Publication details for Prof Richard BowerBower, R.G., McCarthy, I.G. & Benson, A.J. (2008). The flip side of galaxy formation: a combined model of galaxy formation and cluster heating. Monthly Notices of the Royal Astronomical Society 390(4): 1399-1410.
- Publication type: Journal Article
- ISSN/ISBN: 0035-8711, 1365-2966
- DOI: 10.1111/j.1365-2966.2008.13869.x
- Keywords: Galaxies formation, Clusters, X-rays.
- Further publication details on publisher web site
- Durham Research Online (DRO) - may include full text
Author(s) from Durham
Only ∼10 per cent of baryons in the Universe are in the form of stars, yet most models of luminous structure formation have concentrated on the properties of the luminous stellar matter. Such models are now largely successful at reproducing the observed properties of galaxies, including the galaxy luminosity function and the star formation history of the universe. In this paper we focus on the ‘flip side’ of galaxy formation and investigate the properties of the material that is not presently locked up in galaxies. This ‘by-product’ of galaxy formation can be observed as an X-ray emitting plasma [the intracluster medium (ICM)] in groups and clusters. Since much of this material has been processed through galaxies, observations of the ICM represent an orthogonal set of constraints on galaxy formation models. In this paper, we attempt to self-consistently model the formation of galaxies and the heating of the ICM. We set out the challenges for such a combined model and demonstrate a possible means of bringing the model into line with both sets of constraints.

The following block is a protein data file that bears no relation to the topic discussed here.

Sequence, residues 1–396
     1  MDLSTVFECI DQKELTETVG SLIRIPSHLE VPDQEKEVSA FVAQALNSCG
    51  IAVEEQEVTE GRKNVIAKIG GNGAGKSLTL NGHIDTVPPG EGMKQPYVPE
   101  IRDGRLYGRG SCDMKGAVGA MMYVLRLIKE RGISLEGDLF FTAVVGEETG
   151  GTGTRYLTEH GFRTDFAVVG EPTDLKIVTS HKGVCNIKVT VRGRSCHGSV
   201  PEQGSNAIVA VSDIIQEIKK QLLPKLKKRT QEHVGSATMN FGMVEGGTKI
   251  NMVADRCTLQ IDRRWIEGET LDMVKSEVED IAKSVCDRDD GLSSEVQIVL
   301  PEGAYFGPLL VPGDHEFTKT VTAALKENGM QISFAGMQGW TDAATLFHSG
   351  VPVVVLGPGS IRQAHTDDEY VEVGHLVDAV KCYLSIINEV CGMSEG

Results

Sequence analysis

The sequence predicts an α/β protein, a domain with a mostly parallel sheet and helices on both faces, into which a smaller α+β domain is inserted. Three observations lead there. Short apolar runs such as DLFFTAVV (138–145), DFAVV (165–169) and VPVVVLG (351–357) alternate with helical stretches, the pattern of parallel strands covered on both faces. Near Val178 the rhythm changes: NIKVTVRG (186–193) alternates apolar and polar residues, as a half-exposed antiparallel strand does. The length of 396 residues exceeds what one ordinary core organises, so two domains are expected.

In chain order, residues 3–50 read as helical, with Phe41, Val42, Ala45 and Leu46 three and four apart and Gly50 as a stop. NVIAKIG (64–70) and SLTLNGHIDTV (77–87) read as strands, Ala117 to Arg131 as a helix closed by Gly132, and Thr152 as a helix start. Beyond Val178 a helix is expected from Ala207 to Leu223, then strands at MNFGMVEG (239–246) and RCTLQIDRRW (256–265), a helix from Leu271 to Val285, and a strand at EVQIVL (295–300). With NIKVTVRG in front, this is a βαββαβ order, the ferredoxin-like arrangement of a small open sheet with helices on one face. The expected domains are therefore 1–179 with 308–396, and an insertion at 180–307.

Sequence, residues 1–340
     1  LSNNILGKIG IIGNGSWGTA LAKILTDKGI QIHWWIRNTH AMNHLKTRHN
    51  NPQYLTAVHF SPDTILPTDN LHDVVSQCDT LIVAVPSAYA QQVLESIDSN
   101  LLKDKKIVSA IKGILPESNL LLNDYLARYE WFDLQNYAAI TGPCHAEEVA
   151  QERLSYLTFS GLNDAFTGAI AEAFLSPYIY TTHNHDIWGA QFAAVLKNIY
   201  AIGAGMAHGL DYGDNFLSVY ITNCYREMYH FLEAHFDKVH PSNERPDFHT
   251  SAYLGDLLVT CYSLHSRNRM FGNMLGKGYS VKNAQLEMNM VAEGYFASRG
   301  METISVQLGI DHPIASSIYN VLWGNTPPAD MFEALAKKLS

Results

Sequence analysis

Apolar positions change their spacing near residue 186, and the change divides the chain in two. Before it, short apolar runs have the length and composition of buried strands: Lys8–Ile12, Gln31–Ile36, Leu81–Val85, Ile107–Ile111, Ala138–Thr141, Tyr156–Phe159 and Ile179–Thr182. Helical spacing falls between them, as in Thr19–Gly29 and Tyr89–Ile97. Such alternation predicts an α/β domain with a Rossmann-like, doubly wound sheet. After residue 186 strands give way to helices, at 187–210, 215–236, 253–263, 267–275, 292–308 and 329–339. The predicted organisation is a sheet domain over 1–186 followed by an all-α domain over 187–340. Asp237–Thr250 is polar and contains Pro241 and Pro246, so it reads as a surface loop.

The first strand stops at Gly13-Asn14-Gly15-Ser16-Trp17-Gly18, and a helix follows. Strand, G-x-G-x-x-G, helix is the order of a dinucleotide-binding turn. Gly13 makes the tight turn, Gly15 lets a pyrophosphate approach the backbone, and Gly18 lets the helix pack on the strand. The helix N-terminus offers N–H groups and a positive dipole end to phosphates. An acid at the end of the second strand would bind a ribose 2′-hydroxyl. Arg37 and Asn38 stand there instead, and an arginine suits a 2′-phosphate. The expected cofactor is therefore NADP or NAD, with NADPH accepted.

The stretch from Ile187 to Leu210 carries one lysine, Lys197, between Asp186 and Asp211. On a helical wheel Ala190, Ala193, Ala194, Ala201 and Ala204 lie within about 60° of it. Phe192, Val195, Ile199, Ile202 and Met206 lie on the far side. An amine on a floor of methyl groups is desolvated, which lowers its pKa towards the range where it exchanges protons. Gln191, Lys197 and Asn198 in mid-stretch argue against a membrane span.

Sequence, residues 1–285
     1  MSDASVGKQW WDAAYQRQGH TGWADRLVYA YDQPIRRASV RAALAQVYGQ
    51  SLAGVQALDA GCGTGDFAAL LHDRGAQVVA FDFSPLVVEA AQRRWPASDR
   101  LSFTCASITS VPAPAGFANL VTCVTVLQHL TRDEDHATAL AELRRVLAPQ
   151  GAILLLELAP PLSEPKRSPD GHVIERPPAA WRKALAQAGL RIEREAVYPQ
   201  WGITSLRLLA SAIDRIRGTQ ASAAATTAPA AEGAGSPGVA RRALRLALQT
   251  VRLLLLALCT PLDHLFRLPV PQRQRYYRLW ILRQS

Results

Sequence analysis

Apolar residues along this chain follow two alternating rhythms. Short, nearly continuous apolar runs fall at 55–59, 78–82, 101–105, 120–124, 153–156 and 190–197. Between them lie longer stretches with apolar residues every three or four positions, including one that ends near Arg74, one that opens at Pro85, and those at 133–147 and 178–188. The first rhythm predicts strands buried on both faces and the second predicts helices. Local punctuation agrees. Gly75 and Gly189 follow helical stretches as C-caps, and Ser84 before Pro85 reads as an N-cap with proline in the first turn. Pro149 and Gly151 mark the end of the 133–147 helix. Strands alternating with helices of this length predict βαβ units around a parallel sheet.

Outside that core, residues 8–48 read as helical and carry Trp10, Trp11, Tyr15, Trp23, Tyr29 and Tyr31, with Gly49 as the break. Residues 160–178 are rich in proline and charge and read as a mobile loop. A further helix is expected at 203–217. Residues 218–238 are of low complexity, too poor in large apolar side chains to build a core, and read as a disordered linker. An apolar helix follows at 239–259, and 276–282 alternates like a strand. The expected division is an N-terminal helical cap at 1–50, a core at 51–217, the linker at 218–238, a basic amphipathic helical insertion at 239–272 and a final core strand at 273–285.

In this paper, we present a version of the Durham semi-analytic galaxy formation model GALFORM that allows us to investigate the properties of the ICM. As we would expect on the basis of gravitational scaling arguments, the previous model fails to reproduce even the most basic observed properties of the ICM. We present a simple modification to the model to allow for heat input into the ICM from the active galactic nucleus (AGN) ‘radio-mode’ feedback. This heating acts to expel gas from the X-ray luminous central regions of the host halo. With this modification, the model reproduces the observed gas mass fractions and luminosity–temperature (L–T) relation of groups and clusters. In contrast to simple ‘pre-heating’ models of the ICM, the model predicts mildly positive evolution of the L–T relation, particularly at low temperatures. The model is energetically plausible, but seems to exceed the observed heating rates of intermediate-temperature clusters. Introducing the heating process into the model requires changes to a number of model parameters in order to retain a good match to the observed galaxy properties. With the revised parameters, the best-fitting luminosity function is comparable to that presented in Bower et al. The new model makes a fundamental step forward, providing a unified model of galaxy and cluster ICM formation. However, the detailed comparison with the data is not completely satisfactory, and we highlight key areas for improvement.